Jason McLennan

2 November 2011 – There are signs that some in the property sector may be outgrowing current sustainability ratings schemes, with several organisations signing up for certification programs that are pushing the sustainability boundaries further or that are recognised globally.

A scheme that seems to be attracting interest, particularly from the education sector, is the Living Building Challenge, developed by Canadian architect and sustainable development expert Jason McLennan, chief executive of the International Living Future Institute.

Projects signed up for the Living Building Challenge include the Sustainable Buildings Research Centre at the University of Wollongong’s Innovation Campus, the University of Queensland’s Global Change Institute building and the Transformational Technical Training facility at TAFE’s Yallah campus. The SBRC and TAFE project are part of the Retrofitting for Resilient and Sustainable Buildings program funded by the Federal Government through its Education Investment Fund and a collaborative effort between the University of Wollongong and TAFE NSW.

Former principal at US green architecture firm BNIM Architects and recently named one of the top 40 under 40 most influential individuals in the design and construction field by Building Design and Construction magazine, Jason McClennan is touring Australia during November to deliver a number of workshops on his scheme.

The workshop series will be run across Australia from 7-15 November in partnership with environmentally sustainable design consultancy Viridis E3. They are designed to challenge the property industry to use nature as the ultimate measuring stick for the performance of the built environment.

In addition to founding the Living Building Challenge McLennan is co-creator of Pharos, an advanced building material rating system in North America and the author of several books on sustainable design, one of which is used as a textbook in more than 40 universities.

He describes The Living Building Challenge as a philosophy, advocacy tool and certification program that addresses development at all scales.

Rather than a checklist of best practices, says McLennan, the Challenge leads teams to embrace regional solutions and respond to a number of variables, including climate factors and cultural characteristics.

“The Living Building Challenge is the world’s most stringent and progressive green building certification program. It is applicable to both new and existing projects that seek to reach much further than any existing green building program in terms of water, energy, materials and a host of other factors. Projects that successfully complete the program can be seen as the world’s greenest buildings,” McLennan says.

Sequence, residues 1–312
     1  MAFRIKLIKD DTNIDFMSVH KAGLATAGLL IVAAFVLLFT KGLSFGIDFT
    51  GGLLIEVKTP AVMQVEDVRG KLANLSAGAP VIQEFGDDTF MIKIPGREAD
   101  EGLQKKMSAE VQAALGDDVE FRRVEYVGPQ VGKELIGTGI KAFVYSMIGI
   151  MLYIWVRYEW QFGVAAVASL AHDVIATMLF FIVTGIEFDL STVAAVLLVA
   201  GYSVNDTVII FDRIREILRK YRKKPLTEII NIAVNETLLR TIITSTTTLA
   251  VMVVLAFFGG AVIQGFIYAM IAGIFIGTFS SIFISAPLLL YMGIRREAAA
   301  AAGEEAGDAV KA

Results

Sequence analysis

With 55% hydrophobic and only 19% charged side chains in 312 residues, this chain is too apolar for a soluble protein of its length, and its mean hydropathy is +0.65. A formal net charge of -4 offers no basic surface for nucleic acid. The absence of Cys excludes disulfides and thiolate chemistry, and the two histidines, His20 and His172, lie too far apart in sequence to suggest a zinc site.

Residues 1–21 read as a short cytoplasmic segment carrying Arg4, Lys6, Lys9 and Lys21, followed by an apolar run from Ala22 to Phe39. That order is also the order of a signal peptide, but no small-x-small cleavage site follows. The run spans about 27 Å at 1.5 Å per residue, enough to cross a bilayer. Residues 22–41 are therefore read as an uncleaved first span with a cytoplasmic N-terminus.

With a goal to increase awareness, the program tackles critical environmental, social and economic problems including the rise of toxic chemicals, climate change, habitat loss, and urban sprawl. It comprises seven performance areas – site, water, energy, health, materials, equity and beauty.

McLennan says takeup of the scheme in the US has been rapid and it is now used in nine countries. But he believes the property industry has barely begun to push the boundaries of what is possible in sustainable practice.

“If you take a look at global issues such as climate change, water and resource scarcity, habitat loss and the rise of persistent toxic chemicals it is clear that we need transformational change in a short time span rather than incremental change,” McLennan says.

There are now four registered projects in the Living Building Challenge in Australia and lots of interest – not bad given there has been no marketing here to date.

The scheme doesn’t compete with Green Star but can work alongside it to elevate the discussion and pull people into the system, McLennan says.

“It is as much philosophy as it is a certification system. The Challenge is much more difficult to achieve than any other program – so it has the effect of making other programs like Green Star seem more reasonable. It should actually increase that program’s uptake and at the same time it will build incredible models of true sustainability to inspire others.

“The program stimulates innovation and incredible synergies. I think it will make your design and construction sector more competitive – and your building stock higher performing and less wasteful. Most importantly, it will change the nature of the discussion around green building.”

Professor Paul Cooper, Director, Sustainable Buildings Research Centre, University of Wollongong, says the centre chose the Living Building Challenge because of the scheme’s holistic approach and because it pushes sustainability boundaries.

“The Sustainable Buildings Research Centre will be at the cutting edge of retrofitting and sustainable building technologies research. So when it came to the building itself, we were keen to create a building of the future ­– one we could look back on in 10 or 20 years and know we pushed the boundaries of sustainability at that time.

“Our decision to pursue the Living Building Challenge was driven by our desire for the building to be an inspiration to researchers, industry and the community,” Cooper says.

Another attraction for the SBRC was that the Living Building Challenge is not prescriptive in suggesting particular solutions but a holistic framework driving building designers to set new benchmarks.

“A great example of this is that the Living Building Challenge requires net zero energy usage. This means the building must produce as much energy on site as it imports. Our starting point here should be to design a building where energy consumption is minimised – in doing this we then reduce our need for expensive low emissions on-site energy generation technologies,” Professor Cooper says.

Jason McLennan will deliver workshops and free public lectures around Australia from 7-15 November. Details www.ve3.com.au